Recent news coverage of archaeologists investigating the ground got me thinking about using their method in forensic investigation. It’s called ground penetrating radar, GPR for short. It sounds technical but it’s not really. It’s simply a radio transmitter and a receiver.
The device sends radio waves into the ground, processes their reflection from a buried object and displays the results on a computer monitor. The display is analysed and the nature and depth of the object is determined. Airports send radio waves out all the time to identify your inbound flight from Toronto and how near you are to landing.
GPR is used to look for objects of interest below the ground surface. Things like old skating rinks, stone walls and graves as reported in the news stories on archaeological work at the Halifax Commons and Grand Pre in Nova Scotia and at Sydney Mines in Cape Breton. (Refs 1 and 2) The work on the mainland is by Jonathan Fowler, Saint Mary’s University and in Cape Breton by Maura McKeough, Parks Canada. GPR can also be used to identify the depth to the water table, different layers of soil and rock and voids in the ground.
There was a news report a while ago about a house in Nova Scotia collapsing into a void. GPR could be used to locate voids like this before a house was built.
i used GPR during an engineering investigation in the Bahamas looking for voids in the limestone beneath an airport runway. The voids are called banana holes. I understand they got this name because banana plants grow there when the roof of the void collapses exposing it at the surface of the ground, or a runway. The voids form when ground water dissolves the limestone.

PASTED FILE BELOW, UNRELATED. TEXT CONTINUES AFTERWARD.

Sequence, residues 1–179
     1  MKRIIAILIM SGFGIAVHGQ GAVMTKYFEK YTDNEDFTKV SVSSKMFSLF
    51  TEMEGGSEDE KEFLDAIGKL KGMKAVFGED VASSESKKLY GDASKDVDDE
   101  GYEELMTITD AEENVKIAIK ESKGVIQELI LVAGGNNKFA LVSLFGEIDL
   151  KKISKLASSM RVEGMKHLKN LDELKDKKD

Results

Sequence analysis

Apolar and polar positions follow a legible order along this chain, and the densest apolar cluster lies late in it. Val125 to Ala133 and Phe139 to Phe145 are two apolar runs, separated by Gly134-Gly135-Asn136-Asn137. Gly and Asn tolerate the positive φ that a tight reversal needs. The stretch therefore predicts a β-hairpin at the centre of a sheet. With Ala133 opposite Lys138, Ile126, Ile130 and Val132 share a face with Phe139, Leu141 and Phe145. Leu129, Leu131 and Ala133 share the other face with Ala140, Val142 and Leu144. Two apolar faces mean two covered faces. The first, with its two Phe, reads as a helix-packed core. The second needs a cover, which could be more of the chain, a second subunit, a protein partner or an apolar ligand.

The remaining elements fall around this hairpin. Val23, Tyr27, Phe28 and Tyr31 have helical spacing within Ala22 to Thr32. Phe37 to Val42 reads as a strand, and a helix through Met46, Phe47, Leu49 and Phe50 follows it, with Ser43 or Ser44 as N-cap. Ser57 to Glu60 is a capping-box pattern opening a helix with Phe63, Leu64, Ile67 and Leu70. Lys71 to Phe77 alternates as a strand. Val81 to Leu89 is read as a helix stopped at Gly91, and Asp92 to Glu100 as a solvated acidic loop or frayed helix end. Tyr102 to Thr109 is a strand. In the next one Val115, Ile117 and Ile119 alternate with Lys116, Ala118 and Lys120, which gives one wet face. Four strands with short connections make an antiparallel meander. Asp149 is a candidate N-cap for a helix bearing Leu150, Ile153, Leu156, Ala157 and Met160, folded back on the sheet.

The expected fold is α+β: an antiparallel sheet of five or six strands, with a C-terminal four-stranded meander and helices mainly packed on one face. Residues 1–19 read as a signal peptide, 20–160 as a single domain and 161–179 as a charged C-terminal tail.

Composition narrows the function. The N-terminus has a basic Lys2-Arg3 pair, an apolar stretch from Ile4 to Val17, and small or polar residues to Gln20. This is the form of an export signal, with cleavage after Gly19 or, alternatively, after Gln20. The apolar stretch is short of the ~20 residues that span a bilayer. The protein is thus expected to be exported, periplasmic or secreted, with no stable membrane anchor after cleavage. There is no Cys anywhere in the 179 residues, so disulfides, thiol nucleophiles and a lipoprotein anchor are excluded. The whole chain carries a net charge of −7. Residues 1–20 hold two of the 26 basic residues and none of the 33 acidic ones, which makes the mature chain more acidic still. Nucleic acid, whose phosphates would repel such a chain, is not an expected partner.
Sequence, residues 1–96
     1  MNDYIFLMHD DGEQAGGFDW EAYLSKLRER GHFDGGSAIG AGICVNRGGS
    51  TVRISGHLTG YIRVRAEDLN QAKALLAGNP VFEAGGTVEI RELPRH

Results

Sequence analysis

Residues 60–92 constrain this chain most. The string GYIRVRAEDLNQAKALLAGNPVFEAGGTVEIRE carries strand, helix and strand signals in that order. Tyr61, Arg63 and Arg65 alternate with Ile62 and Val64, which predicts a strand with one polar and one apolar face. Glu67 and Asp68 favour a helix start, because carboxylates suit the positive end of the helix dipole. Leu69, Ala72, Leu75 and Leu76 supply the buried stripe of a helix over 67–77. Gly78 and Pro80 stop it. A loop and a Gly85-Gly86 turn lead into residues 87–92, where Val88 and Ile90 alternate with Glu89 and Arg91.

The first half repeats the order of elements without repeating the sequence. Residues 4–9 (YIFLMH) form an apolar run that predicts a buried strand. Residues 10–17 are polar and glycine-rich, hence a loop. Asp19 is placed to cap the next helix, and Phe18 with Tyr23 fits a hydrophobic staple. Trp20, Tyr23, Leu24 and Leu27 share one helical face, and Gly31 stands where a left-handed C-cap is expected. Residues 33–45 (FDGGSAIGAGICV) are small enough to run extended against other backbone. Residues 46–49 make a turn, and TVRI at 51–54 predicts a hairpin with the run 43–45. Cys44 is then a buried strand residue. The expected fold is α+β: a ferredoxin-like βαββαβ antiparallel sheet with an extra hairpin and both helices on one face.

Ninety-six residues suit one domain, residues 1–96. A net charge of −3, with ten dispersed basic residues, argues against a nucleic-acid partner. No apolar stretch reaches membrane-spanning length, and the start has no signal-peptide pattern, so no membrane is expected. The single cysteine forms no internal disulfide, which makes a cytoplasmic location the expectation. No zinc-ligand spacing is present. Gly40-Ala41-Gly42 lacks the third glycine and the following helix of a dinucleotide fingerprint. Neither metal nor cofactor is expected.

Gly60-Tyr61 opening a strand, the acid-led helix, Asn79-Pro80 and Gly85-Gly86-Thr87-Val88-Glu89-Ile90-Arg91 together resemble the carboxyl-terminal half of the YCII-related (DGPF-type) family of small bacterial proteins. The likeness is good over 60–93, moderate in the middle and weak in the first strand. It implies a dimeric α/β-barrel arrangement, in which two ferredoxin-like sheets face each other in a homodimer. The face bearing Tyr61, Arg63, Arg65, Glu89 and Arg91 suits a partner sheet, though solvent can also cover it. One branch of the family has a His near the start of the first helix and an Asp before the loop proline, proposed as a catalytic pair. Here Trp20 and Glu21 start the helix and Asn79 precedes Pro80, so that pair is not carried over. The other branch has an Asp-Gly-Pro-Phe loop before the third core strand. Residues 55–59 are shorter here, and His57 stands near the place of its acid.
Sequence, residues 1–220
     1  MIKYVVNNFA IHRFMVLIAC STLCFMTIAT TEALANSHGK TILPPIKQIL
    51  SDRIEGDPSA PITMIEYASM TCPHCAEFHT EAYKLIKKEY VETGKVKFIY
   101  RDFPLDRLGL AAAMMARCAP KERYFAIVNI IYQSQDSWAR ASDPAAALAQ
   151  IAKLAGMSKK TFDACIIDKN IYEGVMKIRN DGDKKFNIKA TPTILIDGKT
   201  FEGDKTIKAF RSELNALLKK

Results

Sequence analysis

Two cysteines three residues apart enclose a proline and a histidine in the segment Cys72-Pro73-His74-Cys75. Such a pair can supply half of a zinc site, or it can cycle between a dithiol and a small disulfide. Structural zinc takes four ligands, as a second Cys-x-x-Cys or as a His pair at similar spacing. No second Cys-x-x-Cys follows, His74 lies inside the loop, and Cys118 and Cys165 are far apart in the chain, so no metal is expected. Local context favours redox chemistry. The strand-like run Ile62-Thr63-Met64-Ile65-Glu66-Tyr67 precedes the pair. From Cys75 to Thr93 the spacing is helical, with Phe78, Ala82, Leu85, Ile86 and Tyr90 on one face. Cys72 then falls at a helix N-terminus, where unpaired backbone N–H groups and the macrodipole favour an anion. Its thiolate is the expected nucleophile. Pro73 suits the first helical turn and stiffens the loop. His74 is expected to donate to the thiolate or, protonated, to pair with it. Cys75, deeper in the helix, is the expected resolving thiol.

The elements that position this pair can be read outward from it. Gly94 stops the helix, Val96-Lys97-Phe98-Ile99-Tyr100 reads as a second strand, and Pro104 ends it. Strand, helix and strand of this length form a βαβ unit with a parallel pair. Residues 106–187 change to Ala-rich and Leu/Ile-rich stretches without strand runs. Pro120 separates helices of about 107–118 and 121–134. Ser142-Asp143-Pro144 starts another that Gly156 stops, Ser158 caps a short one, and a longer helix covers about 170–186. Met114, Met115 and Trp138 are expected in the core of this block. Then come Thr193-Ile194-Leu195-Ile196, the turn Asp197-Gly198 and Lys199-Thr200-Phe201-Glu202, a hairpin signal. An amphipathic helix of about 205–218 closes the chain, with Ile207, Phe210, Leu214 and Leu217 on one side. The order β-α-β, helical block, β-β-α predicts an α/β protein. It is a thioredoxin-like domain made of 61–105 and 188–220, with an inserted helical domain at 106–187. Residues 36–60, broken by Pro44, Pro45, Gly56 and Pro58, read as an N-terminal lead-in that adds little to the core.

You can imagine the civil litigation that would result if an aircraft on landing caused the roof of a banana hole to collapse and the aircraft to crash. Particularly considering the ready availability of remote sensing methods like GPR to locate voids.
These methods are remote sensing – non intrusive – like CAT scans, X-rays and Ultrasound in medicine. No surgical cutting a patient ‘s body to see the tumor and no digging in the ground to see the void.
On a personal note, my re-awakened interest in this method was also its possible use in locating the unmarked grave of my baby sister in a cemetery in New Brunswick. My mother had a 7.5 month premature baby – Baby Hazel – who died 2.5 days after she was born. My sister’s casket would display on a GPR monitor as an unusual feature in the soil.
I don’t know when the need to use GPR during a forensic investigation will arise but I’m certain it will. I can imagine it resulting in a more cost effective forensic investigation in some instances as well. Almost any civil litigation involving the ground might be a candidate.
i chanced to see a drone fitted with a camera taking low level, aerial video several years ago and now consider getting aerial video with a drone of all my forensic sites involving the ground. Who knows when and where ground penetrating radar, GPR, might be useful during a forensic investigation?
- Fowler, Jonathan, professor of archaeology at Saint Mary’s University, Halifax, NS as reported in The Chronicle Herald, Halifax, Saturday, July 18, 2018
- McKeough, Maura, cultural resource manager, Parks Canada as reported by CBC June 29, 2018